It’s not that I want to live a life like Bette Davis’s, or Margo Channing’s for that matter. (Although that apartment of hers is very Upper East Side and would be more than adequate for me. Not to mention having Thelma Ritter to mix my cocktails and tuck me in.) I just would like to have more moments of belief in myself, more spine to speak my mind or talk back to ignorance. I suppose for many people affirmations and “journaling” and any number of other techniques might work. But more and more I think that, like so many things, the best way to develop that spine, that fearlessness, is just to get out there and do it. Say it. Try it.

Action is the key. Even standing still, Bette Davis was in motion. Could we all do with a bit of improvement here and there? Of course. But you can think about something all your life, and if you don’t do it, as difficult as it may be, it’s all theory.

The inscription on Bette's grave is “She did it the hard way.” I’m still thinking about my epitaph. But as of this moment it starts “Fasten your seatbelts...”

Wednesday, January 19, 2011

A Climate of...Bad Taste?

     Last Sunday, after a very nice brunch, a friend of mine – someone I’ve known for some years who has proved to be a very good friend indeed, and is a hard-working, big-hearted, very nice gay guy – this friend of mine felt the urge to tell a joke which he warned was in really bad taste and just awful, but he simply had to tell us.
     It was a Sarah Palin joke and I won’t repeat it here. In fact, I won’t repeat it ever, even to support the following argument, because it really is hateful. Suffice to say it’s one of those “What’s the difference between…?” knee-slappers that involves, among other things, using Palin’s baby Trig, who was born with Down Syndrome, to take a vicious swipe at the former governor.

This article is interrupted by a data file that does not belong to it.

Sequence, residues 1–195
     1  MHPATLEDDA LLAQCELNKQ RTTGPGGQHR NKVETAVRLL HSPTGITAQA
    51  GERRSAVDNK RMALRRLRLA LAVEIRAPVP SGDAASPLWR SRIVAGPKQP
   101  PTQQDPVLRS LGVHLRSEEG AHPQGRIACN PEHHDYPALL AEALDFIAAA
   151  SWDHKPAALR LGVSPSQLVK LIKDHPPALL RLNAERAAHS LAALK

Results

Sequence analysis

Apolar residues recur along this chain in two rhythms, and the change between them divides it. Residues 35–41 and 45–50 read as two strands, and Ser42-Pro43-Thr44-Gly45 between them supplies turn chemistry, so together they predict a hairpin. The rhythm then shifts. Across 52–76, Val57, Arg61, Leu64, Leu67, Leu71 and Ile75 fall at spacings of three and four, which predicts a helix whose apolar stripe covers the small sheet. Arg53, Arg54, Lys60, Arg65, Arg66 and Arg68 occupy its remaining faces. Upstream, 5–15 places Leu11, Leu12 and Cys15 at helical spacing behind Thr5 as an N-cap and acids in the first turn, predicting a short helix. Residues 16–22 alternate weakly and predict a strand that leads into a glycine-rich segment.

During the Bush administration, especially the second term (even though his father also served as president, the term “Bush administration” will forever only refer to “W”), certain commentators referred to the level of hysterical vitriol leveled at the president day after day as “Bush derangement syndrome”.  I think a similar thing has happened with Sarah Palin. A lot of people – Left and Right – are disliked, hated, unappreciated or loathed, but once in a while someone comes along the mere mention of whose name causes otherwise rational, intelligent people to start looking like some cartoon character whose top is about to blow: in addition to getting red in the face and spluttering incoherently, you half expect to see real steam coming out their ears, or from a factory whistle that pops out the top of their heads.